urlpatterns = patterns('',
                       url(r'^static/(?P.*)$', 'cachebuster.views.static_serve', {'document_root': STATIC_URL}),

Now call the custom tag to load the static files.

{% load cachebuster %}

That’s it. This works for me. So, cheers.

Django Api Throttling

There are cases when you do not want your clients to bombard some apis. Django Rest Framework gives you an out of box support for controlling how many times your apis can be hit. It gives you options to control the number of hits per second, per minute, per hour and per day, exceeding which the client will get a status of 429. For storing the count, the framework uses the default caches set for the application.

    "default": {
        "BACKEND": "redis_cache.cache.RedisCache",
        "LOCATION": "",
        "OPTIONS": {
            "DB": 0,
            "CLIENT_CLASS": "redis_cache.client.DefaultClient",

Your MIDDLEWARE_CLASSES in the look like this:

    'custom.throttling.ThrottleMiddleWare', # the custom class to control throttling limits

In the REST_FRAMEWORK settings in, we need to mention the counts and the classes to help with throttling. DRF gives you default implmentaion, but you write your own throttling as well. If you have to use the default classes :

        'custom.throttling.PerMinuteThrottle', # custom throttle [implemented below]
        # 'rest_framework.throttling.AnonRateThrottle',
        # 'rest_framework.throttling.UserRateThrottle'
        'per_minute': '256/min',

The throttle class implemented below does a per minute throttling. You can implement similar other classes to fit your usecase.

from rest_framework.settings import APISettings, USER_SETTINGS, DEFAULTS, IMPORT_STRINGS
from rest_framework.throttling import UserRateThrottle


class ThrottleMiddleWare(object):
    def process_response(self, request, response):
        Setting the standard rate limit headers
        :param request:
        :param response:
        response['X-RateLimit-Limit'] = api_settings.DEFAULT_THROTTLE_RATES.get('per_minute', "None")
        if 'HIT_COUNT' in request.META:
            response['X-RateLimit-Remaining '] = self.parse_rate((api_settings.DEFAULT_THROTTLE_RATES.get(
                'per_minute'))) - request.META['HIT_COUNT']
        return response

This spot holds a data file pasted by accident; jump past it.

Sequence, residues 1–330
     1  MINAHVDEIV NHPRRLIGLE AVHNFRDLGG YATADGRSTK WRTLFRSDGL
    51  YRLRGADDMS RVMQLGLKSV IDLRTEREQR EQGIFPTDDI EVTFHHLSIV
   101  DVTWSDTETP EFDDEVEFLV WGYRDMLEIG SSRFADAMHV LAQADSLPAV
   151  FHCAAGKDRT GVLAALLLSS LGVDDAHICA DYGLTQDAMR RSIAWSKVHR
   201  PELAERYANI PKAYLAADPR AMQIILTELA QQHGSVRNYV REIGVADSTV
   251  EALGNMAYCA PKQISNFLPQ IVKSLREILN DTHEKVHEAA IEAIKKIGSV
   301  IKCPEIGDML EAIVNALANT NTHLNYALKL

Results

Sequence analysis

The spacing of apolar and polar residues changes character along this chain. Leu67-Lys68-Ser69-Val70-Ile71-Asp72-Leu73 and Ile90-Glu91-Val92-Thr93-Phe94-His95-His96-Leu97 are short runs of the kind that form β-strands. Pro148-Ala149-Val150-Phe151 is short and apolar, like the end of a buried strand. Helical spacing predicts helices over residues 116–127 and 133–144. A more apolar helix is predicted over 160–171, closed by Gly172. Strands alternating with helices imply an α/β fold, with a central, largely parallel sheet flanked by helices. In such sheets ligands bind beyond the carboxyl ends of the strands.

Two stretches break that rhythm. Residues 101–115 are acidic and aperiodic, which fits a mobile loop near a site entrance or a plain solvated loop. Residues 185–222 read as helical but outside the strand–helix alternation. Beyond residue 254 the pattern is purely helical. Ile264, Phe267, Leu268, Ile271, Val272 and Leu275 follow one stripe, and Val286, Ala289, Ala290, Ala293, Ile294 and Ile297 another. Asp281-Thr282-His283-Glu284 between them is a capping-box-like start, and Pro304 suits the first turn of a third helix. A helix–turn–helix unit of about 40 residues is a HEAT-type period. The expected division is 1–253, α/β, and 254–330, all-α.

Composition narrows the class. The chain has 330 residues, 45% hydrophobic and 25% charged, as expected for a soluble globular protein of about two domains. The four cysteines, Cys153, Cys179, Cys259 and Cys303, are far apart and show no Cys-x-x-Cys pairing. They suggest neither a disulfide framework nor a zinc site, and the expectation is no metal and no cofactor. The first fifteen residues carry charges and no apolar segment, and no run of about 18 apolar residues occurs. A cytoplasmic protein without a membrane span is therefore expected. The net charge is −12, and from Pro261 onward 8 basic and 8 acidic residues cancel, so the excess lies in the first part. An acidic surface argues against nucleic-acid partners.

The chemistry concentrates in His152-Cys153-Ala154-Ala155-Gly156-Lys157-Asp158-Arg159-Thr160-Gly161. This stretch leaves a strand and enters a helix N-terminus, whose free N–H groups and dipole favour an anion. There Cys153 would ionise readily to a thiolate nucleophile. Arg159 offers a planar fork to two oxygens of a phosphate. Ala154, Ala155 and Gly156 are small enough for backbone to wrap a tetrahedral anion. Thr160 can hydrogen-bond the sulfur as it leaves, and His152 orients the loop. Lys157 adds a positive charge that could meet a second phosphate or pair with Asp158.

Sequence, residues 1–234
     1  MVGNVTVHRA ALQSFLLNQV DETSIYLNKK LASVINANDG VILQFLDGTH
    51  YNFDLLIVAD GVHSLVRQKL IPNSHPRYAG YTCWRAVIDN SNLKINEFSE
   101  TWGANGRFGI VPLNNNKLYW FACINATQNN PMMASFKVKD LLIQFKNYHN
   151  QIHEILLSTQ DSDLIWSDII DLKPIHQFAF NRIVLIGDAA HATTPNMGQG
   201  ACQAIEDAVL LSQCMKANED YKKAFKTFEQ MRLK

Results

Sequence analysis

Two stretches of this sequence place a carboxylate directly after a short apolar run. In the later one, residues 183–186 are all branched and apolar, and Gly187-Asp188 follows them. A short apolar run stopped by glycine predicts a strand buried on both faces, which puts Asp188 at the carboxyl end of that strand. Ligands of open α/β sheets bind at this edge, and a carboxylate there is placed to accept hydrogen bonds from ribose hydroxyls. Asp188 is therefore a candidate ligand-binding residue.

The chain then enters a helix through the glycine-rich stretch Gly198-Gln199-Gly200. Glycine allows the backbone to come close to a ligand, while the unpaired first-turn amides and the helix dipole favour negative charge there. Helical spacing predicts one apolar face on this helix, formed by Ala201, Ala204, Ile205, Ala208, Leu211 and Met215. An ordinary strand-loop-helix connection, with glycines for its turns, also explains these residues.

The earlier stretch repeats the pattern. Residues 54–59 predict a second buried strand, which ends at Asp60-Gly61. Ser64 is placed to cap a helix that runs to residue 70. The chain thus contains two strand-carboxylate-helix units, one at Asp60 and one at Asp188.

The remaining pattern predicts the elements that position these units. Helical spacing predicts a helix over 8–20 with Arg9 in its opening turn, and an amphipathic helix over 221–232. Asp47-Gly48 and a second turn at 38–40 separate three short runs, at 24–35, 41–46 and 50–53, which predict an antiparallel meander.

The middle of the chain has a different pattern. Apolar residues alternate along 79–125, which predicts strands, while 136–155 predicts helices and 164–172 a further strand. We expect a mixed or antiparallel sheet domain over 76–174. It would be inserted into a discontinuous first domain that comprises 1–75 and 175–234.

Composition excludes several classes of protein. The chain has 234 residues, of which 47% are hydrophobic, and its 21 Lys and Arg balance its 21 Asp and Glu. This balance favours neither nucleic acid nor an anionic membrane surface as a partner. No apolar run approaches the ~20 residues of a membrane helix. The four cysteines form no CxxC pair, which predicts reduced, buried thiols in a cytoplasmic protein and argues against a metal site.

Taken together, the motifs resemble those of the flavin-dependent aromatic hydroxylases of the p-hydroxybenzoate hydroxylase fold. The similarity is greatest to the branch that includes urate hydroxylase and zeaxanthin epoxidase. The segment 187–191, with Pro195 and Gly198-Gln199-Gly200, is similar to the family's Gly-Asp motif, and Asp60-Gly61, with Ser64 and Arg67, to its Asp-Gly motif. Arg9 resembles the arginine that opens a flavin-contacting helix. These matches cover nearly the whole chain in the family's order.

def parse_rate(self, rate):
        Given the request rate string, return a two tuple of:
        num_requests = 0
            if rate is None:
                return (None, None)
            num, period = rate.split('/')
            num_requests = int(num)
        except Exception:
        return num_requests


class PerMinuteThrottle(UserRateThrottle):
    scope = 'per_minute'

    def allow_request(self, request, view):
        Custom implementation:
        Implement the check to see if the request should be throttled.
        On success calls `throttle_success`.
        On failure calls `throttle_failure`.
        hit_count = 0

            if request.user.is_authenticated():
                user_id =
                user_id = self.get_ident(request)
            request.META['USER_ID'] = user_id

            if str(request.method).upper() == REQUEST_METHOD_POST:
                return True

            if self.rate is None:
                return True

            self.key = self.get_cache_key(request, view)
            if self.key is None:
                return True

            self.history = self.cache.get(self.key, [])
   = self.timer()

            # Drop any requests from the history which have now passed the
            # throttle duration

            duration = - self.duration
            while self.history and self.history[-1] <= duration:
            hit_count = len(self.history) 
            request.META['HIT_COUNT'] = hit_count + 1   
            if len(self.history) >= self.num_requests: 
                 request.META['HIT_COUNT'] = hit_count
                 return self.throttle_failure()
                 return self.throttle_success()
             except Exception:

        # in case any exception occurs - we must allow the request to go through